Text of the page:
Provision has been made in clause 40 of the Apprenticeships, Skills, Children and Learning Bill to require local authorities, when commissioning provision, to take account of the quality of provision being secured and encourage diversity in the range of education and training on offer to support learner choice. In addition, in deciding whether education and training is suitable to meet young peoples reasonable needs, local authorities will be required to have regard to any learning difficulties the persons may have.
We believe that the transfer to local authorities will have significant benefits in terms of a more informed and integrated commissioning of their services leading to better outcomes for learners. Arrangements are being developed, in consultation with stakeholders, that recognise that independent specialist colleges will often work across local authority boundaries and nationally, and consideration is being given to the need to minimise bureaucracy for these and other learning providers. These arrangements will feed into the statutory guidance being developed for local authorities in respect of their commissioning responsibilities which the Young Peoples Learning Agency (YPLA) will publish when it comes into being in April 2010, subject to the passage of the Apprenticeships, Skills, Children and Learning Bill.
We do not expect the YPLA to be involved in the commissioning of learning provision in the vast majority of cases, although there may be some circumstances where it may need to commission provision directly, for instance:
where a local authority is failing or looks likely to fail in fulfilling its duties under clauses 40 and 47 of the Bill to commission suitable education or training;
with a small number of national providers for whom it may be appropriate to commission at a national rather than local level; and
where the sub regional group (SRG) identifies that they are not yet ready to take on the role.
Linda Gilroy: To ask the Secretary of State for Innovation, Universities and Skills how many young people resident in Plymouth, Sutton constituency were in further education (a) in 1997 and (b) at the latest date for which information is available. 
Estimates of participation in education, training and employment in England for those of academic age(1) 16-18 are published annually by the Department in a Statistical First Release (SFR) each June at:
The Department publishes local authority estimates of participation in England as additional tables alongside the national figures, including those for Plymouth local authority. The estimates cannot be further broken down by parliamentary constituency area.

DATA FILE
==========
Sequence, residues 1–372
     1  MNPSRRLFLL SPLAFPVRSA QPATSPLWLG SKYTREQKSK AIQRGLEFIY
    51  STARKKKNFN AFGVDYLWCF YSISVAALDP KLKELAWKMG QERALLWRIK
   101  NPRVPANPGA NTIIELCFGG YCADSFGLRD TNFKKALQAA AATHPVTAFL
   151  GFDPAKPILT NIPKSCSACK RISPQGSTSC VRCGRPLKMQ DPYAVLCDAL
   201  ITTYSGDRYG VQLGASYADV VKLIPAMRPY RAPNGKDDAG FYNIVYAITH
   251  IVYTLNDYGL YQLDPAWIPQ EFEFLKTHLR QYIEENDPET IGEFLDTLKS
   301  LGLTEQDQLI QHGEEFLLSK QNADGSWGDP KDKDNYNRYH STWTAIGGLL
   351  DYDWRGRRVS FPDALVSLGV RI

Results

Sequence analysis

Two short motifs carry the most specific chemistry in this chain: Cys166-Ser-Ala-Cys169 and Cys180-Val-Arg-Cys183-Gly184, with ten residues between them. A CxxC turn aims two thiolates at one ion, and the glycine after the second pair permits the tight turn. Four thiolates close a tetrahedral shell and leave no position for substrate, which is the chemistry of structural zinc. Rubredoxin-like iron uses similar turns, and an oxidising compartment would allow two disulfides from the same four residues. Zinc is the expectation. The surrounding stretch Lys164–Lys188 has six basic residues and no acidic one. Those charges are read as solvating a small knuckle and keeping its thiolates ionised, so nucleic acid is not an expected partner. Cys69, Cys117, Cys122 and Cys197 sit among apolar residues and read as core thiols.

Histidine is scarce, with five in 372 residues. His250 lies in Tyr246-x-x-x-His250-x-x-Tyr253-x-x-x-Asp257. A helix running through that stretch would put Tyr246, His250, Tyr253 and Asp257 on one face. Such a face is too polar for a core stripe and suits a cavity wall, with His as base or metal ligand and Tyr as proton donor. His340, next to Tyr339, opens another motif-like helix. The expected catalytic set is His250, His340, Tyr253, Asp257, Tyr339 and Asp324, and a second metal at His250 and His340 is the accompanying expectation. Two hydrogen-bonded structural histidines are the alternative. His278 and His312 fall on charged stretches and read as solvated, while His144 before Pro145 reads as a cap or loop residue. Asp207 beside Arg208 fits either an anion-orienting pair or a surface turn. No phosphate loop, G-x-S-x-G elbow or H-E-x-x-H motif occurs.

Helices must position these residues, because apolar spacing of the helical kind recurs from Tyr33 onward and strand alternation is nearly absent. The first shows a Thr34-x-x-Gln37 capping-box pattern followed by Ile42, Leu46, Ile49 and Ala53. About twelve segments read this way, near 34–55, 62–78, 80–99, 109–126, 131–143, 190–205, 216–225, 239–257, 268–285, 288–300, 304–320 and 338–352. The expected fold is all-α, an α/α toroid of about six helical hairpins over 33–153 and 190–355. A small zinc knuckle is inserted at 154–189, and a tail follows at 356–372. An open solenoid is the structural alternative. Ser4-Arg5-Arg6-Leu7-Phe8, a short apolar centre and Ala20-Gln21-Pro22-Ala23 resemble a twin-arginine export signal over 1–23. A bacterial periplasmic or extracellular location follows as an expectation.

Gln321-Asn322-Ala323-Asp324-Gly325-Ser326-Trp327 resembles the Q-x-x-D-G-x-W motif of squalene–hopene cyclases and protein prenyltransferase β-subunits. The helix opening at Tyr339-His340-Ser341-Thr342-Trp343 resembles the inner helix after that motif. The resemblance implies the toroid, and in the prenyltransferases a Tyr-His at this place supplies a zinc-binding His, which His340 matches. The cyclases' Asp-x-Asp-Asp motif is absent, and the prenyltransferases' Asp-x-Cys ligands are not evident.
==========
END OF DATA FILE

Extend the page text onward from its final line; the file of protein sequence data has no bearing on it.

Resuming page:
(1) Academic age represents the age at the start of the academic year, 31 August.
Mr. Drew: To ask the Secretary of State for Innovation, Universities and Skills (1) what recent research his Department has commissioned on the aspirations of children in secondary school to go on to higher education; 
Mr. Lammy: DIUS recently commissioned research as part of the Longitudinal Study of Young People in England (Next Steps) and the Youth Cohort Study. This covers over 11,000 16 and 17-year-olds, many of whom are at school and college, and includes questions about their attitudes towards higher education including views of its costs and benefits, intentions regarding applying for places, and awareness of financial aspects, subject preferences and other aspects of higher education. We expect that the report will be published in late June 2009.
In 2006/07, the proportion of 18 to 20-year-olds from the top three socio-economic classes who participated for the first time in full-time higher education was provisionally 39.5 per cent. The proportion from the bottom four socio-economic classes was provisionally 19.0 per cent.
These figures cover English-domiciled 18 to 20-year-olds who are studying for the first time at higher education level at UK higher education institutions or English further education colleges, who remain on their courses for at least six months. Further information is available on the DIUS website:
This Government are fully committed to ensuring every young person has a fair chance of attending university. We are making progress with the proportion of young entrants from lower socio-economic groups going to university increasing steadily, reaching almost 30 per cent. in 2007.
Mr. Graham Stuart: To ask the Secretary of State for Innovation, Universities and Skills how many official meetings the Minister for Skills has had with the Chief Executive of the Learning and Skills Council in the last 18 months; and if he will make a statement. 
Mr. Simon: Both the previous Minister for Skills and I have had regular meetings with the chief executive of the Learning and Skills Council over the past 18 months. As part of the overall accountability framework that includes formal quarterly review meetings on LSC performance, the most recent of which took place on 16 March 2009. We also meet on a regular and frequent basis to discuss a wide range of FE policy and implementation issues.
Sir Menzies Campbell: To ask the Secretary of State for Innovation, Universities and Skills how much the Medical Research Council spent on research into (a) leukaemia, (b) brain cancer, (c) lung cancer, (d) colo-rectal cancer, (e) breast cancer and (f) prostate cancer in (i) 2005-06, (ii) 2006-07 and (iii) 2007-08. 
The Medical Research Council (MRC) is one of the main agencies through which the Government support medical and clinical research. The MRC is
currently funding a large portfolio of site-specific and general underpinning cancer research. In 2007/08, the MRCs expenditure on cancer research amounted to £89.5 million.